Some members reject all of these labels, either because in their opinion it confuses issues of right and wrong with matters of preference or because of the perception that it contributes to division within the church. Others within the church may be proud of their conservative or liberal labels. Some may use alternate terms to show their point of view of the factions: "progressive," "faithful," "unfaithful," "old fashioned," "anti".

Within the non-institutional churches, the term "conservative" is generally taken to refer only to those churches that hold the non-institutional conviction, while the term "liberal" is often applied to all mainline churches of Christ that do not, even those that otherwise consider themselves to be "conservative."

[edit] International Churches of Christ

The group called the International Churches of Christ (ICOC) (sometimes called "The Boston Movement"), which was grounded in the Church of Christ "Crossroads Movement", is often labeled a cult by mainstream congregations. This movement had its origins in certain congregations of the Church of Christ. Since the late 1980s, however, some Church of Christ leaders have repudiated the ICOC as an apostatized, schismatic cult; the ICOC in turn has declared itself to be a faithful remnant being called out of a dead or dying church, namely the mainstream Churches of Christ.

The ICOC saw tremendous percentage growth in comparison to the congregations led by the mainstream Churches of Christ, reaching approximately 134,000 members (compared to the over one million members of mainstream churches of Christ). ICOC subsequently suffered a series of internal debates on matters ranging from the central authority claimed by founder Kip McKean to financial impropriety. ICOC is in a period of change that may not end for several years.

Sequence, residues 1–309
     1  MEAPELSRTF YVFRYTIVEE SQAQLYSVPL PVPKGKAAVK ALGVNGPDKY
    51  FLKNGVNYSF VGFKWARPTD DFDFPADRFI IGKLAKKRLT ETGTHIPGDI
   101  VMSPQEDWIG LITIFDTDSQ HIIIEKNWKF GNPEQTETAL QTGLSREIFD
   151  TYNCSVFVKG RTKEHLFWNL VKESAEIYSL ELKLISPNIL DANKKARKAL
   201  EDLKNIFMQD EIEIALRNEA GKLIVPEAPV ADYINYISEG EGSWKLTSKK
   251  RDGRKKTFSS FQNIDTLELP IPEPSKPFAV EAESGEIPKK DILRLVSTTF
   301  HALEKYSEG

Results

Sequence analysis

Representatives of the ICOC and some members of the mainstream Churches of Christ attended reconciliation meetings at the 2004 Abilene Christian University lectureships.

See the Russell Paden thesis for a fairly impartial examination of this subject. --

[edit] Notable Members of the Church of Christ

See also List of famous people with ties in the Church of Christ

[edit] See also

[edit] Notes

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[edit] External links

Please refer to this page's link policy prior to posting links.

[edit] General Websites

[edit] Online Print Media

  • Christian Courier - Investigating biblical apologetics, religious doctrine, and ethical issues.
  • Apologetics Press - Publishes materials defending a literal interpretation of creation in the Bible.
  • Focus Press - Publisher of Think magazine. Discusses modern day issues.
  • Seek the Old Paths - An online/printed magazine used to defend the Truth and teach others.
  • House to House/Heart to Heart - An online/printed magazine used to teach both Christians and non-Christians.
  • New Wineskins - The Believers' Magazine (from what would be regarded within the CofC as a 'liberal' viewpoint)
  • The Christian Chronicle - A newspaper of the Churches of Christ.
  • Restoration Quarterly - Magazine devoted to study of the Restoration Movement and Churches of Christ.
  • The Light - A monthly publication representing the "one cup, no-exception" brotherhood.
  • Truth Magazine - A bimonthly publication from what would be regarded as a "conservative" or "non-institutional" viewpoint.

[edit] Online TV/Radio Stations

[edit] Directories

[edit] History and Sources

[edit] Former members and internal critical views

[edit] Miscellaneous